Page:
Iranian President Mahmoud Ahmadinejad says Israel is "bullying the United States" over the alleged threat of an Iranian nuclear weapon; using the prospect of an Israeli military attack on Iran to force President Obama into military action. Considered "persona non grata" among Westerners, at the 67th U.N. General Assembly in New York City, Ahmadinejad made what is likely his final address to the world body. As in previous years, Ahmadinejad assailed the United States, Israel and Europe, and called for a new world order. He also said, "Americans should be insulted if their government takes marching orders from Israel." Ahmadinejad's perspective is that Israel has no rightful place in the Middle East and is "an inconsequential interloper." Ahmadinejad's assessment is that "a few occupying Zionists" are telling the U.S. and President Obama "what to do" concerning Iran's nuclear issues.
The U.S. Senate just voted 90-1 to support the Israeli position, but to be fair, Ahmadinejad made valid points worth considering. For decades, the U.S. has been at Israel's beck and call. During recent months, Israel has stepped up threats of a unilateral strike on Iran's nuclear facilities. With the U.S. Congress on its side and elections just weeks away, the pro-Israel lobby is exerting concentrated pressure on Washington to lay down certain "red lines" before Iran. It is with a high level of chutzpah that Israel, which is not a signatory to the Nuclear Non-Proliferation Treaty [NPT], is threatening an NPT signatory state for supposedly not complying with the treaty. Also, according to U.S. intelligence estimates, Iran is "not on the verge of having a nuclear weapon" and has "not made a decision to pursue one."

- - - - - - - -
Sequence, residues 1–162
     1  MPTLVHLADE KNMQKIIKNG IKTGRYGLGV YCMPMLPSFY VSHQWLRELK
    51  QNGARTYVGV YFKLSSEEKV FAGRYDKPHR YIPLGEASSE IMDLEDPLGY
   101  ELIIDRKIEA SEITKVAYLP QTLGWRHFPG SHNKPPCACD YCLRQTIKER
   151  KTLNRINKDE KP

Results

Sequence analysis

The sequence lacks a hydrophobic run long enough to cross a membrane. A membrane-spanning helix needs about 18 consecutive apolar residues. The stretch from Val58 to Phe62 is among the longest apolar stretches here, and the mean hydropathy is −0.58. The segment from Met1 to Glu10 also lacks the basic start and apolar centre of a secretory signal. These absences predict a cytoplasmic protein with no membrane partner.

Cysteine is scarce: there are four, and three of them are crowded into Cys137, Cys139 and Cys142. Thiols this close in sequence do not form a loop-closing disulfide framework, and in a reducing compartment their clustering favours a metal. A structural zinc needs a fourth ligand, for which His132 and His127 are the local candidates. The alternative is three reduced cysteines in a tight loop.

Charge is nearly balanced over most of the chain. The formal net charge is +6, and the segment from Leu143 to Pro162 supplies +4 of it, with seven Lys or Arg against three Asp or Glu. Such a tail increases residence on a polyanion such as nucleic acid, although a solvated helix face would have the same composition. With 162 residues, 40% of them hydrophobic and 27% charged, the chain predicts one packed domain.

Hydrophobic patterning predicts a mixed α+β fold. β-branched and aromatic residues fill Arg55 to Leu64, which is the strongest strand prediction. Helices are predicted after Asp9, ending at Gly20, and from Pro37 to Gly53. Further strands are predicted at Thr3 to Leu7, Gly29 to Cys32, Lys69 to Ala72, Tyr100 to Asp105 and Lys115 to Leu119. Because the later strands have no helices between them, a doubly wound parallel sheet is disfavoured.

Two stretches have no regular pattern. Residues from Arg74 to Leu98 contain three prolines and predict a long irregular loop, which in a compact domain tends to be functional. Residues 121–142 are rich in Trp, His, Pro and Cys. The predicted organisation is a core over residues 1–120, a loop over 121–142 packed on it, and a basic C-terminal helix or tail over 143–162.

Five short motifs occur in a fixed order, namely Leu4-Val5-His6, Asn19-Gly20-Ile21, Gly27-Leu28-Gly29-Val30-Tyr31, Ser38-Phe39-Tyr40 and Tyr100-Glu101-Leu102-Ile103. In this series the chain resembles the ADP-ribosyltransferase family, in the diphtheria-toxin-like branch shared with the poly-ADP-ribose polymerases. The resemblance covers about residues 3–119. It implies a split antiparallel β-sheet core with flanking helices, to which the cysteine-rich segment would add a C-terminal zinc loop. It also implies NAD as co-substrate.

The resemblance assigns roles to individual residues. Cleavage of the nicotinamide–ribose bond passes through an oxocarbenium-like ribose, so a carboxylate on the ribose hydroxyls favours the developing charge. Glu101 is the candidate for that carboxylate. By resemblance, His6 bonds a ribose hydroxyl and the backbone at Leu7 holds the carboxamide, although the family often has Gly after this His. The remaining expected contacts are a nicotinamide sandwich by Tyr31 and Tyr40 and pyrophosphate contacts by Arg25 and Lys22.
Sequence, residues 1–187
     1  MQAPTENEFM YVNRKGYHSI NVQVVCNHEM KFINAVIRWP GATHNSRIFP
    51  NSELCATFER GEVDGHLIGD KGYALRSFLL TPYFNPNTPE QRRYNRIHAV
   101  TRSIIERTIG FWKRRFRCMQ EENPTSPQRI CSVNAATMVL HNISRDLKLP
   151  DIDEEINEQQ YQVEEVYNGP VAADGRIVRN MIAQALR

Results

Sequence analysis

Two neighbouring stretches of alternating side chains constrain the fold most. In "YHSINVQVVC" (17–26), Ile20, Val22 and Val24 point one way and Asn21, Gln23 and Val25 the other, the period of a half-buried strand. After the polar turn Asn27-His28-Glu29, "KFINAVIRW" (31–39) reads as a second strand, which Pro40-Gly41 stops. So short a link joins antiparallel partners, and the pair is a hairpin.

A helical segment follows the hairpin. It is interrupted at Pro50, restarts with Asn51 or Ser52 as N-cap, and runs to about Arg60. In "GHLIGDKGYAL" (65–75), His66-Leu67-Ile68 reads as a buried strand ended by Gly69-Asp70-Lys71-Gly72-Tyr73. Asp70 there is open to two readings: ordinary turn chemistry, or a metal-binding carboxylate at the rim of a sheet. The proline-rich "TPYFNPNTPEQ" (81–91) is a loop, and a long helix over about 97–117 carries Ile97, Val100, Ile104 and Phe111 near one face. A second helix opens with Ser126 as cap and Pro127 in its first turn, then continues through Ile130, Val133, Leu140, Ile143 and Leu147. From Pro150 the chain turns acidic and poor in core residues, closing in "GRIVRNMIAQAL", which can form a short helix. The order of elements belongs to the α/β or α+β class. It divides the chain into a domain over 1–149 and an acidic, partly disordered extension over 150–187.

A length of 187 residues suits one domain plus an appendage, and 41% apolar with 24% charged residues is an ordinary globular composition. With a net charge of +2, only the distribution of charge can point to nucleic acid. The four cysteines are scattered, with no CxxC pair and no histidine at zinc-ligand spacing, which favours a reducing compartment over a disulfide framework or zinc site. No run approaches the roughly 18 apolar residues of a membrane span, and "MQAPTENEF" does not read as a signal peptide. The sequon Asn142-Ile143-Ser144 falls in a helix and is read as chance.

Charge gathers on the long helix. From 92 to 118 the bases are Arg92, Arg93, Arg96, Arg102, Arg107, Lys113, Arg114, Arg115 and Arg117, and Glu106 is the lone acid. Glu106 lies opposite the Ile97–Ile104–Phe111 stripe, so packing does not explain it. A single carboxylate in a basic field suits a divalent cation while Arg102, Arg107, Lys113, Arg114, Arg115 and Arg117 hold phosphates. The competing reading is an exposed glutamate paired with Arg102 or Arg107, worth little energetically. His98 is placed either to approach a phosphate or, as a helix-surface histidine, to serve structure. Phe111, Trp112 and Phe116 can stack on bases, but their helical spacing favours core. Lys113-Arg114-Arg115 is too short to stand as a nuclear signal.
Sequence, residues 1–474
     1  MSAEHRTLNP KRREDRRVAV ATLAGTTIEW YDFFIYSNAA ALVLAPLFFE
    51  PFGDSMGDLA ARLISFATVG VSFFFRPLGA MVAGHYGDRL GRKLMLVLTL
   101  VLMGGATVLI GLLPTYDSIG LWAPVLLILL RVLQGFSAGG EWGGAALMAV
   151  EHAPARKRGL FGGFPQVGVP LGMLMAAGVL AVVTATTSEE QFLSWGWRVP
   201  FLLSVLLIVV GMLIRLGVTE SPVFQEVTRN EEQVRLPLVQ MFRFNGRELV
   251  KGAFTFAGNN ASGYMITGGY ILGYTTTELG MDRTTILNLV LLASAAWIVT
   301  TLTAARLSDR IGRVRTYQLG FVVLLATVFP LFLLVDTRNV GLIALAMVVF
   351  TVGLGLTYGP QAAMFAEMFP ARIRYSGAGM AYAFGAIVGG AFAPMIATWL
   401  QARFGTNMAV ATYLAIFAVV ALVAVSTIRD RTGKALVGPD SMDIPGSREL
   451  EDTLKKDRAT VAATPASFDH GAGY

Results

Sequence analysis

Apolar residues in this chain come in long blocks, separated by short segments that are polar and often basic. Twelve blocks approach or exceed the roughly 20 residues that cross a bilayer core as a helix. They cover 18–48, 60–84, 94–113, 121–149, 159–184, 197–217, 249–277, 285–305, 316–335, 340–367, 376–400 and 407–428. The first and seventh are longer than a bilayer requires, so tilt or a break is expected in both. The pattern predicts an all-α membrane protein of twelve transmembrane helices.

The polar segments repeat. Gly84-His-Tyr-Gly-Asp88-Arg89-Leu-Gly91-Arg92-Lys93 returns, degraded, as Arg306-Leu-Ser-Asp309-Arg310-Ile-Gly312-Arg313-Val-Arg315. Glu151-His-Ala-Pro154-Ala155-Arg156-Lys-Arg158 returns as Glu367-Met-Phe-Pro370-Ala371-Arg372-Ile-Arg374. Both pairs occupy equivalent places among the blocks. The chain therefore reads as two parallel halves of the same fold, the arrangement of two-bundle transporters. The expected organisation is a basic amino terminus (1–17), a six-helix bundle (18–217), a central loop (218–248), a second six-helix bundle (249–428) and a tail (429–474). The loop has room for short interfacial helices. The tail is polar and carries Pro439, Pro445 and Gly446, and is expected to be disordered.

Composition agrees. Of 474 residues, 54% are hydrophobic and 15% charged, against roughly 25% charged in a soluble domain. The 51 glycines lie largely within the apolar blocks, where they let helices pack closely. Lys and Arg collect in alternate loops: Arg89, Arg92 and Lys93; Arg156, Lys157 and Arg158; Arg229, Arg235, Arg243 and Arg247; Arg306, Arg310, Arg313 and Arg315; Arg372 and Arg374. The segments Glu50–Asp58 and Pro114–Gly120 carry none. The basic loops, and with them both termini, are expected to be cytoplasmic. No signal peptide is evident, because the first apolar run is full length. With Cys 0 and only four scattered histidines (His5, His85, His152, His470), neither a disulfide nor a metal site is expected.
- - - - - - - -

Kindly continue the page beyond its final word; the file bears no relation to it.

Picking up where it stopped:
President Obama is "being bullied" by a premiere power in American politics and popular culture, because he continues to resist military adventures for Israel. Ralph Bunche, an African American, was awarded the Nobel Peace Prize in 1950, for agreements he brought about that started the new state of Israel. Since then, Israel has regularly violated international laws and defied numerous U.N. resolutions.
Most of the world opposes Israel's policies, and especially its oppression of the Palestinians. Kofi Annan, a Ghanaian who served as the seventh secretary-general of the United Nations, said, "The whole world demands that Israel withdraw from occupied Palestinian territories." But on these shores, politicians and the media fervently support Israel. For decades, the U.S. provided Israel with critical military, diplomatic and financial backing, including more than $3 billion each year in aid. For more than 60 years, Black politicians who call themselves the "conscience of Congress" have been reliable supporters of Israeli issues and practices.
Though Blacks oppose any criticism of Obama, the Israeli lobby openly castigates the president. Amid tension between the U.S. and Israel over Iran's nuclear ambitions, Israeli-supporters criticize President Obama for "failing to put Israel at ease." When Obama addressed the U.N. General Assembly, he issued a stern warning to Iran, but stopped short of drawing the "red lines" Israel Prime Minister Benjamin Netanyahu demanded.
Some segments of America's population are saying Obama has "insulted and disrespected Israel." Through it all, Obama continues to have most Jewish voters on his side. People who say they "have the president's back" refuse to allow any criticism of Obama will be shocked when they see the Republican Jewish Coalition's $6.5 million campaign to convince Jewish voters that it's OK to vote against Obama because of the "defiant" stance he has taken on Israeli-Palestinian issues.
It's time to make peace in the Middle East. Instead of a new war front, Obama needs encouragement and support toward taking fair and measured actions on this issue.
William Reed is president of the Business Exchange Network and available for projects via the BaileyGroup.org